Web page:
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Four Reasons Your Contracts Need to be in Writing

 

 

When it comes to contracts, many of us would like to think that a good old-fashioned handshake is enough to seal the deal, but unfortunately that is not the case. Although some contracts that are unwritten can be enforced in a California courtroom, many of them cannot. Some contracts, such as purchase and sale of real estate, must be in writing.

 

With that being said, there are still plenty of reasons why you would not want to rely solely on an unwritten contract. An experienced attorney can assist you in creating custom contracts that will save you a lot of headaches. Here are the top reasons why you want to put it in writing and not rely on an unwritten contract.

 

  • Hard to Prove: If you ever have to file a claim to enforce a contract that is not in writing, you will have to work much harder to prove and win your case. Essentially, you will have to rely on testimony of the people who agreed to the oral contract or the people who conducted and created the contract. If enough time has elapsed, trying to find witnesses for court can be much more difficult as memories fade over time. Simply having a written contract to pull out of a file is much simpler.

  • Oral Testimony Leaves Your Business at Risk: When a contract is not written, proof of the contract will be based on testimony, and the unfortunate fact is that testimony can be inconsistent. When inconsistency occurs, a jury or judge will have to try to determine whose memory is better. This puts your business at risk for an adverse decision. With a written contract, there is no dispute about memory because all of the terms are in writing. Any dispute would be about how the words should be interpreted which is much less risky both financially and legally.

  • Necessary Contingencies Rarely Covered: All contracts are unique, which means that a well-written contract will attempt to cover any foreseeable contingencies. For example, what if a raw material or something in the supply chain becomes unavailable? A written contract may be able to cover this issue and allow the contract more time to be completed, declare the contract void, or some other type of resolution.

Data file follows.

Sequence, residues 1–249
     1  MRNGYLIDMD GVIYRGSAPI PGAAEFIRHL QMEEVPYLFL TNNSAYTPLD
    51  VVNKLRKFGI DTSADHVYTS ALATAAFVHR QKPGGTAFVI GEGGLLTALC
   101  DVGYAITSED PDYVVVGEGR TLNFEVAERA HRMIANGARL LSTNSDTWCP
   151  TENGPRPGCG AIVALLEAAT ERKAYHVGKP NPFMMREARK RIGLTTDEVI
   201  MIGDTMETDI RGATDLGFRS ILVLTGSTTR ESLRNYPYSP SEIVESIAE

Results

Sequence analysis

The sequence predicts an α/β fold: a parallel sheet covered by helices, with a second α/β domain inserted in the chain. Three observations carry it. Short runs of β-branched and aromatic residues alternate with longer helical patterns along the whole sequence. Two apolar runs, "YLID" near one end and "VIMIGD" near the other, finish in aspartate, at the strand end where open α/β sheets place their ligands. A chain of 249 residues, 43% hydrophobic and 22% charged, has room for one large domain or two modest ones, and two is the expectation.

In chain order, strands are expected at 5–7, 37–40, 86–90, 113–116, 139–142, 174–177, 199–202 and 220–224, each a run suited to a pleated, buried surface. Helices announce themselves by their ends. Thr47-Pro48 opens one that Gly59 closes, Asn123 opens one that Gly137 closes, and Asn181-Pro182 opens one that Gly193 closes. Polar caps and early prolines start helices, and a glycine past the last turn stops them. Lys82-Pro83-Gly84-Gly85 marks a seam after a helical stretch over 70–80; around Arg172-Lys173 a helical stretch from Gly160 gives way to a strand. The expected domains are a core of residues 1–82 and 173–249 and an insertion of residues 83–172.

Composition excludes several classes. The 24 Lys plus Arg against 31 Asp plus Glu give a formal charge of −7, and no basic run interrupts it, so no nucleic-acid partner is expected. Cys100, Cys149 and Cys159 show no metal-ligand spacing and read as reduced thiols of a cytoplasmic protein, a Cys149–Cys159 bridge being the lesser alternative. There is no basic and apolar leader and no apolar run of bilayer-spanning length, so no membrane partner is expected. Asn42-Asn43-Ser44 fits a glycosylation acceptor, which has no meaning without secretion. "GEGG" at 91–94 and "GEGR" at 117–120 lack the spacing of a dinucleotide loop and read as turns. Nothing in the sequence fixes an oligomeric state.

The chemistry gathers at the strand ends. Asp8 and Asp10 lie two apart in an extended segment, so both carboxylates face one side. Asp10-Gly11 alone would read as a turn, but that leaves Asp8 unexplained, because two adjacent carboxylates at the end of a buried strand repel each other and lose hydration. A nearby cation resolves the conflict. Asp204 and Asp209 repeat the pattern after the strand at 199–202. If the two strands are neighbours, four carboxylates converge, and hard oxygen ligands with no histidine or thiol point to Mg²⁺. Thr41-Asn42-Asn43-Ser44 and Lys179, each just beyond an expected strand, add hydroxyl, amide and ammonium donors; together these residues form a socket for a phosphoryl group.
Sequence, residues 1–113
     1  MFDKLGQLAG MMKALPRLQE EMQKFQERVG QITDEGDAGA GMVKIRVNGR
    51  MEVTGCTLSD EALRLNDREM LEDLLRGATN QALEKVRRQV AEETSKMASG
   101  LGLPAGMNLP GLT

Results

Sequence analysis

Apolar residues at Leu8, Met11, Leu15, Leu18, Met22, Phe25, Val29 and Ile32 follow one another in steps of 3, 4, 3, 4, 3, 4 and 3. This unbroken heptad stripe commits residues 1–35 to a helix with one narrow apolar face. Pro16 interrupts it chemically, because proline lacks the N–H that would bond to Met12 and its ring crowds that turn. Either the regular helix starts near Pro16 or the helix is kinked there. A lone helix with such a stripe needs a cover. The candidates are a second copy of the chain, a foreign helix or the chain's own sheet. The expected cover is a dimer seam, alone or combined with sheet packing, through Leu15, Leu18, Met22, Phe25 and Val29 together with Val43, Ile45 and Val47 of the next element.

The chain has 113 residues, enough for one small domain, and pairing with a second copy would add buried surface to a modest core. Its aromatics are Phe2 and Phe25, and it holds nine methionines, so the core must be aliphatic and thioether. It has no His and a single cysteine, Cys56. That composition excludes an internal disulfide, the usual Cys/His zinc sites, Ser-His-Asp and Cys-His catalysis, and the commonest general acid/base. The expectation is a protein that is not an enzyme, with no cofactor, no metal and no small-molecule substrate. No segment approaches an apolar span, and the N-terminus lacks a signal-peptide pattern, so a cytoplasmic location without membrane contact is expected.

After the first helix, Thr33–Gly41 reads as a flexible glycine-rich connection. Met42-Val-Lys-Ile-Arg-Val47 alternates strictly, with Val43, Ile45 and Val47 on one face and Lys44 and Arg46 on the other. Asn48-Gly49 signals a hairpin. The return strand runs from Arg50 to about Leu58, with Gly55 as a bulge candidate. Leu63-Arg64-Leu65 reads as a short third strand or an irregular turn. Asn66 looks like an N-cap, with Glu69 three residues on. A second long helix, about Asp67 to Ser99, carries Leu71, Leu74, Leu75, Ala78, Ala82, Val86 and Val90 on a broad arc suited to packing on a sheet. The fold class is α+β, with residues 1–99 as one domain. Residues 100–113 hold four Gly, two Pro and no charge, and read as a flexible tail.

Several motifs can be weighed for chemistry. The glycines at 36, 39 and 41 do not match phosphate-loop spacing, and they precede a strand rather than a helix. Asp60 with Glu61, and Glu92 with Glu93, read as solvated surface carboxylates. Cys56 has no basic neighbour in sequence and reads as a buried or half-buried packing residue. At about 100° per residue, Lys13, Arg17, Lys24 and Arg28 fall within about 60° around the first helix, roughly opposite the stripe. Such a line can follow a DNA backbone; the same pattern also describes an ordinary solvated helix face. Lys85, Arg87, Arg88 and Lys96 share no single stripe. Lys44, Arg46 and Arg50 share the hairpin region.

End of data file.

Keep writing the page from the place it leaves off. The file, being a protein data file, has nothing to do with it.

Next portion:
• Missing Boilerplate Provisions: When an experienced attorney creates a written contract, boilerplate provisions will be added for legitimate business and legal reasons. Although these provisions typically have a bad name among non-attorneys, they do not deserve their bad name. These provisions may include things such as which state will govern the contract. This can be important if the parties involved are from different states because each state has different laws.

 

Contact a Business Law Attorney

 

If you are in the process of creating a contract, you need the assistance of an experienced attorney. The attorneys at Verhagen Bennett LLP will ensure that your contract is drafted to protect your best interests and those of your business. Contact us today to schedule a consultation.

 

© 2019 Verhagen Bennett LLP — This article is for general information only. The information presented should not be construed to be formal legal advice nor the formation of a lawyer/client relationship.

 

 

 

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